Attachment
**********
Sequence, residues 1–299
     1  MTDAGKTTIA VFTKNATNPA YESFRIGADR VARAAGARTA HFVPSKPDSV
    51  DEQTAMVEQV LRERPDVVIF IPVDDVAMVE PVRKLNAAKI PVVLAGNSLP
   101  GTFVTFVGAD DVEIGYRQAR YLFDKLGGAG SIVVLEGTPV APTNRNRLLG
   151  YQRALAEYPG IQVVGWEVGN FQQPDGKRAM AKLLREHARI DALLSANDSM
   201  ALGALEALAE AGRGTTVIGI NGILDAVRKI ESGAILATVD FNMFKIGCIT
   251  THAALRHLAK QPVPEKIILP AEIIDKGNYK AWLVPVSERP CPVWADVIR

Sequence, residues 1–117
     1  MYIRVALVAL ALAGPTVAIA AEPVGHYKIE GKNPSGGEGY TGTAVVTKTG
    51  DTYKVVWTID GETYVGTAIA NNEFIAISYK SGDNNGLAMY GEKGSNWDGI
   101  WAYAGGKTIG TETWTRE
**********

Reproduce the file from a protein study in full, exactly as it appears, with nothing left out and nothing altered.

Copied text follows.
Sequence, residues 1–299
     1  MTDAGKTTIA VFTKNATNPA YESFRIGADR VARAAGARTA HFVPSKPDSV
    51  DEQTAMVEQV LRERPDVVIF IPVDDVAMVE PVRKLNAAKI PVVLAGNSLP
   101  GTFVTFVGAD DVEIGYRQAR YLFDKLGGAG SIVVLEGTPV APTNRNRLLG
   151  YQRALAEYPG IQVVGWEVGN FQQPDGKRAM AKLLREHARI DALLSANDSM
   201  ALGALEALAE AGRGTTVIGI NGILDAVRKI ESGAILATVD FNMFKIGCIT
   251  THAALRHLAK QPVPEKIILP AEIIDKGNYK AWLVPVSERP CPVWADVIR

Sequence, residues 1–117
     1  MYIRVALVAL ALAGPTVAIA AEPVGHYKIE GKNPSGGEGY TGTAVVTKTG
    51  DTYKVVWTID GETYVGTAIA NNEFIAISYK SGDNNGLAMY GEKGSNWDGI
   101  WAYAGGKTIG TETWTRE